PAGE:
AB 1949 will allow workers to take unpaid bereavement leave when a close family member dies

SACRAMENTO, Calif. – The California Senate’s Labor, Public Employment and Retirement Committee on Tuesday passed AB 1949, which would guarantee workers of employers with five or more employees can take at least five days of unpaid bereavement leave. The bill, authored by Assemblymember Evan Low (D-Campbell), would also ensure workers could use other available paid leave, like sick, vacation or personal days, for bereavement.

Under current law, most workers in California have no right to bereavement leave — paid or unpaid — when a close family member dies. In 2020, Crime Survivors for Safety and Justice, the state and nation’s largest network of crime victims, successfully advocated for legislation guaranteeing family members of homicide victims can take time off to access victim services or deal with legal issues. However, other employees who lose a family member — whether to homicide, illness or any other reason — still do not have the right to take time off to make funeral arrangements or to grieve.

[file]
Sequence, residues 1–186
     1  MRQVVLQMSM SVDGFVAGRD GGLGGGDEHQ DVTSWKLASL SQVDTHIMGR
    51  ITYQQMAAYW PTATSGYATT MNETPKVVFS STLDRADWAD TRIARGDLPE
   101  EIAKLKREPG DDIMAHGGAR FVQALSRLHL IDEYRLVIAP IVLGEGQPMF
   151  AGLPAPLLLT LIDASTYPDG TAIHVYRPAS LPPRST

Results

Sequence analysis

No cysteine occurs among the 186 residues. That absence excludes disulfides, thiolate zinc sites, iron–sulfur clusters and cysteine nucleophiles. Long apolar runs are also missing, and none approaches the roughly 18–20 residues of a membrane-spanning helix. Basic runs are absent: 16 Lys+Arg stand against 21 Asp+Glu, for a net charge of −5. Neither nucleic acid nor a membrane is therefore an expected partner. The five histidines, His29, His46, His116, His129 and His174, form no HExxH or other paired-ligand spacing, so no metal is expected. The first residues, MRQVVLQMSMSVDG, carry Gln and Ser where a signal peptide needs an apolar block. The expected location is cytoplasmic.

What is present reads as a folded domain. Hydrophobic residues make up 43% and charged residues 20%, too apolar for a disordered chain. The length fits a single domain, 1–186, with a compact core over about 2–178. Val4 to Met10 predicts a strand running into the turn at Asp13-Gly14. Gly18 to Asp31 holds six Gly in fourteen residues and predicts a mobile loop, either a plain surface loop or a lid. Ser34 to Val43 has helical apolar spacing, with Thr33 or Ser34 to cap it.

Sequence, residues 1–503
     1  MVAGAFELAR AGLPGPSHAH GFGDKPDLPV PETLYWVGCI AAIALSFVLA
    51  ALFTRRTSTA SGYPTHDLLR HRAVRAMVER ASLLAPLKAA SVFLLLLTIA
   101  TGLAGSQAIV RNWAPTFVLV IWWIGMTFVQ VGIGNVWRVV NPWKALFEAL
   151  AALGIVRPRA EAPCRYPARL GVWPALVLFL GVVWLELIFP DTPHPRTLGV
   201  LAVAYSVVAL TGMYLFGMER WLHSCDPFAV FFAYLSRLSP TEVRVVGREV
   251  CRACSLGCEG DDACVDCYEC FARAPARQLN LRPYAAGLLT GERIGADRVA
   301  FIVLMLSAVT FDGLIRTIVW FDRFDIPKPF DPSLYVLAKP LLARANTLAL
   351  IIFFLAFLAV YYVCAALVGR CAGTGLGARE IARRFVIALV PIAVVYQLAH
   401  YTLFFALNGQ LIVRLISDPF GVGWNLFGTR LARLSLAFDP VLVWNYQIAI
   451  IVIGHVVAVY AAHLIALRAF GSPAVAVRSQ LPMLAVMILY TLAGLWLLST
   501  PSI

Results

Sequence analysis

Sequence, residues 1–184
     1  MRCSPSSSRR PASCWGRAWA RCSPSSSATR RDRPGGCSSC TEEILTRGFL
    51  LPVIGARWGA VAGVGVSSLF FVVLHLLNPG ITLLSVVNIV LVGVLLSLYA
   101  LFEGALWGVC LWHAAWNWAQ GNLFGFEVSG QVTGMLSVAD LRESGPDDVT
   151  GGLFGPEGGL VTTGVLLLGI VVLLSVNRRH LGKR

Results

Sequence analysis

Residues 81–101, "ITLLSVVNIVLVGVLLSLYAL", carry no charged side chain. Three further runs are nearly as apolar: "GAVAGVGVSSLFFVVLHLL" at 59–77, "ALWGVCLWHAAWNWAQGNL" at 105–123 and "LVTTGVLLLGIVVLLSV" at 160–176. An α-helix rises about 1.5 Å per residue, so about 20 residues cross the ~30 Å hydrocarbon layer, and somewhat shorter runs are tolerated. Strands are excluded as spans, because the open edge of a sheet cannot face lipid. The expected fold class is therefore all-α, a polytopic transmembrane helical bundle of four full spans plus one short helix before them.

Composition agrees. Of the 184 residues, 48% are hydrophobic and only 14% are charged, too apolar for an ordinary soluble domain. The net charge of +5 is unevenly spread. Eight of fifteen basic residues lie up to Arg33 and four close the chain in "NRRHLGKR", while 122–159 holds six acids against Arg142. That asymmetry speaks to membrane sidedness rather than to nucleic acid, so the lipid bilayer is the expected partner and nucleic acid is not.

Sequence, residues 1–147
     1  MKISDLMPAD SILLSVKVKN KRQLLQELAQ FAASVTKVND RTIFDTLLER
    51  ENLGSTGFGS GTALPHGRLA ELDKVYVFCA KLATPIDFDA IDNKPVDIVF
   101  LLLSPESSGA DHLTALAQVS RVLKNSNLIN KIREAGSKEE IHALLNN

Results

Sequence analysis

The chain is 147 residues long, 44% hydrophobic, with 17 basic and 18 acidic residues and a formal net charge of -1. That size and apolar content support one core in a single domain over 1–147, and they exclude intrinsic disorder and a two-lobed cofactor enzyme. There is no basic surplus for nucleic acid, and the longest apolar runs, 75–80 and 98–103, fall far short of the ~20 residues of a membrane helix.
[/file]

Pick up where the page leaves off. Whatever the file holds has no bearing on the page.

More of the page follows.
AB 1949 would make it an unlawful employment practice for an employer to refuse to grant a request by an eligible employee to take up to 5 days of bereavement leave upon the death of a family member, including a spouse, child, parent, sibling, grandparent, grandchild, domestic partner, or parent-in-law. The bill would also require the employer to maintain employee confidentiality relating to bereavement leave. The bill is co-sponsored by Crime Survivors for Safety and Justice, California Employment Lawyers Association, Legal Aid at Work and Equal Rights Advocates.

The following can be attributed to Tinisch Hollins, executive director of Californians for Safety and Justice:

“All workers deserve the right to take time off to grieve a loved one’s death without the risk of being fired for it. This is particularly important in the communities hardest hit by the COVID-19 pandemic and violent crime because a key piece of protecting the peace, stability and safety of these neighborhoods is ensuring survivors have the opportunity to start to heal.”